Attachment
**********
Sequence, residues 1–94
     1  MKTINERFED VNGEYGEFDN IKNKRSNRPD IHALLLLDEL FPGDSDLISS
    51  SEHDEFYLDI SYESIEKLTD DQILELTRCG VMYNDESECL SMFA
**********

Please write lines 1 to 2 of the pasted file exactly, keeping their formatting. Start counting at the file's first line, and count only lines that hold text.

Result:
Sequence, residues 1–94
     1  MKTINERFED VNGEYGEFDN IKNKRSNRPD IHALLLLDEL FPGDSDLISS